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 Prof Ben Cousins’ research productivity soars in 2013

Prof Ben Cousins’ research productivity soars in 2013​


Prof Ben Cousins, SARChI Chair in Poverty, Land and Agrarian Studies (at the Institute for Poverty, Land and Agrarian Studies (PLAAS), had an extraordinarily productive year in 2013. He co-edited a special issue of a leading international journal, published four books, six book chapters, five peer-reviewed journal articles, four other articles in popular media and delivered twelve presentations during the year.  Prof Cousins also won the prestigious Elinor Ostrom Award on Collective Governance of the Commons. He was one of three recipients in the senior researcher category for ‘his multi-disciplinary approach to explore how property rights and collective action arenas interact in agrarian settings where community management of land is crucial, for actively engaging with public policy in these areas, as well as for developing a community of scholars studying aspects of the commons’.

He laughingly indicates that many of his publications are the result of projects that ‘closed out’ in earlier years and that culminated in published works in 2013. Many of Prof Cousins’ scholarship activities and outputs are directly linked to his current research programme on Land Reform, Food Systems and Agrarian Change in South Africa. This programme entails multiple partnerships including the supervision of a large pool of post-graduate students and links with international scholars as well as leading researchers from national and regional institutions. The research programme has a strong focus on research capacity development, as required by the National Research Foundation for the holders of SARChi Chairs. Prof Cousins believes that students become highly motivated when they are given opportunities to publish.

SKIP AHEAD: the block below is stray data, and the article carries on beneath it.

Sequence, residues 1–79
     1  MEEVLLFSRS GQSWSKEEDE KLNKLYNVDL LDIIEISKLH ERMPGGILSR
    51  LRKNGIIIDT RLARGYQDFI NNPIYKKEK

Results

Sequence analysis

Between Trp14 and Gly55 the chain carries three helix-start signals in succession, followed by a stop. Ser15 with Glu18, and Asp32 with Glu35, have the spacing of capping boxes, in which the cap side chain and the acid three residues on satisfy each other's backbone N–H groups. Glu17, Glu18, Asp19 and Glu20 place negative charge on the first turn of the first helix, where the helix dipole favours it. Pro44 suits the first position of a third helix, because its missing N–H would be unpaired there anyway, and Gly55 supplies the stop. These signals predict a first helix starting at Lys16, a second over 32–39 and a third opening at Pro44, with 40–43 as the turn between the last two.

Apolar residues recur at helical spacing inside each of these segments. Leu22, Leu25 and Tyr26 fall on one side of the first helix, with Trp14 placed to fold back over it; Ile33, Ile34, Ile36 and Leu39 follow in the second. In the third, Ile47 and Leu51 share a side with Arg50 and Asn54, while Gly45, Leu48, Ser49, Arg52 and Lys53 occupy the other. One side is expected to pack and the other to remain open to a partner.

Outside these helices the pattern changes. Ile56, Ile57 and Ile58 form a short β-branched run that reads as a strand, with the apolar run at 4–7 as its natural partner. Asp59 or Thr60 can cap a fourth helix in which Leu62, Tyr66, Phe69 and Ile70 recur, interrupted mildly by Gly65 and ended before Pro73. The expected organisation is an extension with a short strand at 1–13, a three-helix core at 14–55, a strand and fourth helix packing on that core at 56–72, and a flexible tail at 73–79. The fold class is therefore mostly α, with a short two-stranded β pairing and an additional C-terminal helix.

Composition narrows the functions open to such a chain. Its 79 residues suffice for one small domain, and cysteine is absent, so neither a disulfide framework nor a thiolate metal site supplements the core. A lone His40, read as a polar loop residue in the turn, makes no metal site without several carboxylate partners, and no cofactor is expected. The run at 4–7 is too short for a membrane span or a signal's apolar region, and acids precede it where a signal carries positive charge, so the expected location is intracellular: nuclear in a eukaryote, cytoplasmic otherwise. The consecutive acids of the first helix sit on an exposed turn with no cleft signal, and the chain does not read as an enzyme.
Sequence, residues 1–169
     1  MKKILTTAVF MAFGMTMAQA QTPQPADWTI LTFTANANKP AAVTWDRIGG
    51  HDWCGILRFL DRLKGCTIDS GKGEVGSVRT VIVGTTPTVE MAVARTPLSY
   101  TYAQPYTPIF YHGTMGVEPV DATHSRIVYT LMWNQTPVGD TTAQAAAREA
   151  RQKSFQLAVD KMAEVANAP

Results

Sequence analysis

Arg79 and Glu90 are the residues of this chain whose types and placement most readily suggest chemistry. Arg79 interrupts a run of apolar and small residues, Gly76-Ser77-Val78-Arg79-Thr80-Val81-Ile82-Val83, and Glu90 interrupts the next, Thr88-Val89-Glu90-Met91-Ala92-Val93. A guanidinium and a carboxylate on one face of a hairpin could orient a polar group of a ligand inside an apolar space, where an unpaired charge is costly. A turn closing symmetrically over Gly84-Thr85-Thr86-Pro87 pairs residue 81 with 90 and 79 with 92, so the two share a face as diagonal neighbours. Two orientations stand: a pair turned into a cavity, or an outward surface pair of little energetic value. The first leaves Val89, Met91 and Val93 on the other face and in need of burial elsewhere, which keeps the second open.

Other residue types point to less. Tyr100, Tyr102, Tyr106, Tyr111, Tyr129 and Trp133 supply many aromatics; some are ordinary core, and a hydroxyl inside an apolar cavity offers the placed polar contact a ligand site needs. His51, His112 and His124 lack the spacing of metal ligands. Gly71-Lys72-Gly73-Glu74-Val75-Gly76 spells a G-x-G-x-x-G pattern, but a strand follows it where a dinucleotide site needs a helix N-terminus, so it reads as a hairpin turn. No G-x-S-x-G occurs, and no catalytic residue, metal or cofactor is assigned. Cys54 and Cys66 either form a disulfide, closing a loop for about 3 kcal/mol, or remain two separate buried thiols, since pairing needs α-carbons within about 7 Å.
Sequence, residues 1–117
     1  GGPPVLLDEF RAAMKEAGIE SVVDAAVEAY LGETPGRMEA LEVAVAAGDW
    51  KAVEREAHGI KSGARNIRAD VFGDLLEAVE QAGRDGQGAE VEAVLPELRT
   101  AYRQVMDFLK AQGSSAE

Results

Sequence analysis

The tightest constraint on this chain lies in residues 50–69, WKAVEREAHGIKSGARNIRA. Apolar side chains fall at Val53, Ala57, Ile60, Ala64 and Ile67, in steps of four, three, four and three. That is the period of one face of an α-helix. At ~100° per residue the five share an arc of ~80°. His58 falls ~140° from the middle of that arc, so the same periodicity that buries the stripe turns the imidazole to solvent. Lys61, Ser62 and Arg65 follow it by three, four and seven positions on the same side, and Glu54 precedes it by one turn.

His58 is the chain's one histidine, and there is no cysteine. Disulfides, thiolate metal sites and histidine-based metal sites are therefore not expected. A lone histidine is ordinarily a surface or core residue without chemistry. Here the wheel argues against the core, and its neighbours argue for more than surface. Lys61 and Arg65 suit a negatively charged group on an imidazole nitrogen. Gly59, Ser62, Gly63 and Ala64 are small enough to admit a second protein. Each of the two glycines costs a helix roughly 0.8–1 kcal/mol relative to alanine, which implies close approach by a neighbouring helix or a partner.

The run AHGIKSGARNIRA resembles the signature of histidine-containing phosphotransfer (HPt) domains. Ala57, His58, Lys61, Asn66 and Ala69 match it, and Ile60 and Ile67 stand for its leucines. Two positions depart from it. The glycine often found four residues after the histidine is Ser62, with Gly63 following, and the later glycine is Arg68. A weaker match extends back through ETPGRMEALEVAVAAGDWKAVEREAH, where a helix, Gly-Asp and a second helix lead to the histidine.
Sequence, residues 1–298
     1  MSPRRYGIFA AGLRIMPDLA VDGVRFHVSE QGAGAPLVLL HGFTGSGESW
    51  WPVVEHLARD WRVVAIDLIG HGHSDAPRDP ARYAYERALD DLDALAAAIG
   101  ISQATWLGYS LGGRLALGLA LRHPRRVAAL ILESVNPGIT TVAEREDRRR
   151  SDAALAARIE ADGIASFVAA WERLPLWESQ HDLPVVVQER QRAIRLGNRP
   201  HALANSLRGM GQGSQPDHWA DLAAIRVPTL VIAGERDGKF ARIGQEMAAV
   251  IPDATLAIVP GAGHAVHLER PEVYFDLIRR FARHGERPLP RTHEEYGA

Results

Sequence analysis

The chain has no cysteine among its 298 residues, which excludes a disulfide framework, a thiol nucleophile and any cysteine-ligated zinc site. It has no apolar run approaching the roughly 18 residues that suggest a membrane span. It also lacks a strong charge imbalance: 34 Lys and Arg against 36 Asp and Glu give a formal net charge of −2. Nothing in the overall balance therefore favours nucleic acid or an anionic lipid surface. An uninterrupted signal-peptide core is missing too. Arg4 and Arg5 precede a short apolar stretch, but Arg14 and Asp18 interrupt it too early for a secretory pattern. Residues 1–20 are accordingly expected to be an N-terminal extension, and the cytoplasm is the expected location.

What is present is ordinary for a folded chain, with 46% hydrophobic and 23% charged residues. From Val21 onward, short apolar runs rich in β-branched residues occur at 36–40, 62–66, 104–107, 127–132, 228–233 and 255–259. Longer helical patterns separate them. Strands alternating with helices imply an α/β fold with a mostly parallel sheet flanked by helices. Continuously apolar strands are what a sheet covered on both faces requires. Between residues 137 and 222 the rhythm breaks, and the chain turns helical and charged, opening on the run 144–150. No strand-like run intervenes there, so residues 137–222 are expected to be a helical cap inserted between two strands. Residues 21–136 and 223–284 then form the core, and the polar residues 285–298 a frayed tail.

As is evident in Prof Cousins’ research profile for 2013​, most of his output is derived from collaborative projects or partnerships with other scholars. He believes that many social scientists and their students tend to work in isolation from each other, but that there is great potential for large, collaborative research programmes that address key issues in the social sciences and humanities as well as pressing social problems such as poverty and inequality.

For Prof Cousins, productive research is often based on strongly collaborative work.  He indicates that ‘finding the right partners is crucial’. The partners should share the same vision, and have common understandings and values. He acknowledges that the operational processes of partner institutions are sometimes poorly aligned and that this can cause problems, but argues that partnerships founded on relationships of trust are likely to succeed.  His impressive list of outputs  provided  here for the year 2013 would seem to bear this out.

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